Post traumatic-growth: How to thrive after trauma

Trauma can either propel us or derail us. The chances are you’ve heard of Post-traumatic stress disorder (PTSD), but have you ever heard about Post-traumatic growth (PTG)? It is a theory which explains the positive psychological change a person encounters as a result of the struggle with highly challenging life circumstances.

Surprisingly, those who display signs of PTG, often experience this phenomenon without even knowing what it is. So, what exactly is post-traumatic growth, and can it actually be achieved?

Much like post-traumatic stress, post-traumatic growth can occur after a stressful, terrifying or traumatic event, such as exposure to physical assault, abuse, accidents and disasters. Recent research suggests a surge of people suffering from PTSD with a link to coronavirus as an emerging consequence of the global pandemic. However, unlike PTSD, post-traumatic growth is not classified as a mental health illness, instead it is a term coined in the 1990s by psychologists Richard Tedeschi and Lawrence Calhoun.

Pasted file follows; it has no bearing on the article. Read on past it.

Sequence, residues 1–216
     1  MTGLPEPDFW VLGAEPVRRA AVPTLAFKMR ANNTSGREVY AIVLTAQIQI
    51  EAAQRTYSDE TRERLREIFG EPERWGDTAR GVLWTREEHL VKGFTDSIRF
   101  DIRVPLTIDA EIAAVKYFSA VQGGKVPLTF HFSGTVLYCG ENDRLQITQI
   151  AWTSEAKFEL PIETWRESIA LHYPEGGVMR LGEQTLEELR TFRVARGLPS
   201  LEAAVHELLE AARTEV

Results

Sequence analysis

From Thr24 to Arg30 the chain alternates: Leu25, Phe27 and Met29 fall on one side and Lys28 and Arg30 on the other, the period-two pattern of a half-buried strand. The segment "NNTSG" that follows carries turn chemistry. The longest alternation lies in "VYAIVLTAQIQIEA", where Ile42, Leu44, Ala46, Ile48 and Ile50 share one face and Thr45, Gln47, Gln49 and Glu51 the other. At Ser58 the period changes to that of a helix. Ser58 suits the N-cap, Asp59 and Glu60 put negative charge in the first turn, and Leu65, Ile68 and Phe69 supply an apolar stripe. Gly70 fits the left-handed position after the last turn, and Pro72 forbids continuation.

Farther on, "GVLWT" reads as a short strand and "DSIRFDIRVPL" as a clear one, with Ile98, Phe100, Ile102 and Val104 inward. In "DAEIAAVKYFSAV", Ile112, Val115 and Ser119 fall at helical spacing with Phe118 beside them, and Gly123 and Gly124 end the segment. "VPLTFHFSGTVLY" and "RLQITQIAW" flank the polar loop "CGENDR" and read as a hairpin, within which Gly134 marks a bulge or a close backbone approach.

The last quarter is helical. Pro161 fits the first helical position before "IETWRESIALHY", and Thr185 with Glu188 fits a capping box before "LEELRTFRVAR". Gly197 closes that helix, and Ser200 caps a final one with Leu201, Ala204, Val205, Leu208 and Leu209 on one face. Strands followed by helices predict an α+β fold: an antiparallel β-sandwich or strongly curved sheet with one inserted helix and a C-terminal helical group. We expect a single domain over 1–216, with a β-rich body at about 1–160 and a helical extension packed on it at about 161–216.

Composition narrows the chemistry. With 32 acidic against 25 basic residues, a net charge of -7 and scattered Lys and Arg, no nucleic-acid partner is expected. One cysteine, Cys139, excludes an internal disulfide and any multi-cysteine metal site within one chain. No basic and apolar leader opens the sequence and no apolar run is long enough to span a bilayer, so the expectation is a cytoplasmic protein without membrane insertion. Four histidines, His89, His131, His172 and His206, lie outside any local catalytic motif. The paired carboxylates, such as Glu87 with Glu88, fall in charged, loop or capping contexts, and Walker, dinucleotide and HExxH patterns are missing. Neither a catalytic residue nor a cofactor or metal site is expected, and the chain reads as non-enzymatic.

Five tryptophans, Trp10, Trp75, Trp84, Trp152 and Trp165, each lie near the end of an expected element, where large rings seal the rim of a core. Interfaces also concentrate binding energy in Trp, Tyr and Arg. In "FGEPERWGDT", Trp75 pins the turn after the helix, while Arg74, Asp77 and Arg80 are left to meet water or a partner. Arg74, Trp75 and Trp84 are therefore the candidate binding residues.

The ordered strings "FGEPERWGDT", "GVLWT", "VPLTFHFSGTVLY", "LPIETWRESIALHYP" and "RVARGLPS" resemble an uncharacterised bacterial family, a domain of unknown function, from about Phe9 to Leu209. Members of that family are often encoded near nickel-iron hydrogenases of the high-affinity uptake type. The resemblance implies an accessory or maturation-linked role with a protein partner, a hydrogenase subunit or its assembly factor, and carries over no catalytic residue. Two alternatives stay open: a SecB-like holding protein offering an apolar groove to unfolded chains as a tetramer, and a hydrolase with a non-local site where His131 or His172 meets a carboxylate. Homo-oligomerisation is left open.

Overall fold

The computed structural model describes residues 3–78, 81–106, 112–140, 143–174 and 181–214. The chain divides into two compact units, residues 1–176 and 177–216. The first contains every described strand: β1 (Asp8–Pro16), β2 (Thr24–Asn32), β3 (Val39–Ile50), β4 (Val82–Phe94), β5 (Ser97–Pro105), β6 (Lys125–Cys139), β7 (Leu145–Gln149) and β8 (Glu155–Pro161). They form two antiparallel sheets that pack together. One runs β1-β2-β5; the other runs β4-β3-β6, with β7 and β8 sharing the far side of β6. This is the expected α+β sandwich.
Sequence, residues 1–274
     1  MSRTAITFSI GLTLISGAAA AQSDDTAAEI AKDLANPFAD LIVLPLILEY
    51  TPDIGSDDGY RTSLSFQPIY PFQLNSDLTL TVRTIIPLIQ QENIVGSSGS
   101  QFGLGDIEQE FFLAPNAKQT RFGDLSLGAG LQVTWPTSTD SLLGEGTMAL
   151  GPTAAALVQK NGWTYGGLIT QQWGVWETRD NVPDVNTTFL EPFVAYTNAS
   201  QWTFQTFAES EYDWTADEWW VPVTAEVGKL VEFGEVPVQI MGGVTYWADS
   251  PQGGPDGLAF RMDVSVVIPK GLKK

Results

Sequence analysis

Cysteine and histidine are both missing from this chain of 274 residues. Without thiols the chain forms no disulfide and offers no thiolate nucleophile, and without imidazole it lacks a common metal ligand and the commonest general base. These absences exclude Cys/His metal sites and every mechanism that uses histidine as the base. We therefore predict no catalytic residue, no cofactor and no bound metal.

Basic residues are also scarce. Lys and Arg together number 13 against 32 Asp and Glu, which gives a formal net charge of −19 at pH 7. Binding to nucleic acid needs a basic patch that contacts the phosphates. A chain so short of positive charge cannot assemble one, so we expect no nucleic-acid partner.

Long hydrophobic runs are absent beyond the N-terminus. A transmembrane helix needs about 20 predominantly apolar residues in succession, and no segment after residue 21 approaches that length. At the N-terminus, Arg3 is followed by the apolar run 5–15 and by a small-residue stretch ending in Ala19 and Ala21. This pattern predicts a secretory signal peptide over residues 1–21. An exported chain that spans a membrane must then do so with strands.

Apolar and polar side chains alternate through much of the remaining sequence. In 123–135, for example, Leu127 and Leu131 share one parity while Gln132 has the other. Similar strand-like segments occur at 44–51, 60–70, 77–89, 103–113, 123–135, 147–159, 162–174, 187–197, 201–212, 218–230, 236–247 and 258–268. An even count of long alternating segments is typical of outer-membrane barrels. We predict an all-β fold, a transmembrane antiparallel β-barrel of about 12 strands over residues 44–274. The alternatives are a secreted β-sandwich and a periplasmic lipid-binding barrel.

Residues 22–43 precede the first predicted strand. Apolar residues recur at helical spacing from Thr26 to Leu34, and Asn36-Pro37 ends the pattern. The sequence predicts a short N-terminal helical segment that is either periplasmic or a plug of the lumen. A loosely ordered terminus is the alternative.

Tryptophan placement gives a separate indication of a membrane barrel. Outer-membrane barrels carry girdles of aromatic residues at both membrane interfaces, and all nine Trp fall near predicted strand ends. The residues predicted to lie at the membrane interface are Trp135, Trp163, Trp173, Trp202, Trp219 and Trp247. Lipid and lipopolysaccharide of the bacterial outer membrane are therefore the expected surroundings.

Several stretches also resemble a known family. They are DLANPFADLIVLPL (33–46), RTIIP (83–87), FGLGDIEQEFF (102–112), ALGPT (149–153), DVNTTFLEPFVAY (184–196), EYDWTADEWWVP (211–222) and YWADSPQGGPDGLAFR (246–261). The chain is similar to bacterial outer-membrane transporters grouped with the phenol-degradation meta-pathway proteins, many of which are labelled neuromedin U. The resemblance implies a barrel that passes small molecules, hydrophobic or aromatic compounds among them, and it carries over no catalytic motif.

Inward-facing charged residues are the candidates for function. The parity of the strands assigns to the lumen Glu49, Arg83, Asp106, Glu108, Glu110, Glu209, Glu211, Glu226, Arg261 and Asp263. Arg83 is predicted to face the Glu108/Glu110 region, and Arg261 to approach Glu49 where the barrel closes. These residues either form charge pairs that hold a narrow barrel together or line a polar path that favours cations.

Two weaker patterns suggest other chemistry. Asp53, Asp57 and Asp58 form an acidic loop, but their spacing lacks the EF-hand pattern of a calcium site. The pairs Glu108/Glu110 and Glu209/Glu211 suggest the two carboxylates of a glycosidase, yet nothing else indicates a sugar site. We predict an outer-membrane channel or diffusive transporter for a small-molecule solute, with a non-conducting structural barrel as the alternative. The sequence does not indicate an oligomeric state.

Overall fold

During their research, they found that trauma causes hardship and adversity, however, it can also act as a catalyst for something more positive. During this process, a person will develop new understandings of themselves, the world they live in, how to relate to other people, the kind of future they might have, and a better understanding of how to live life. 

Signs of Post-Traumatic Growth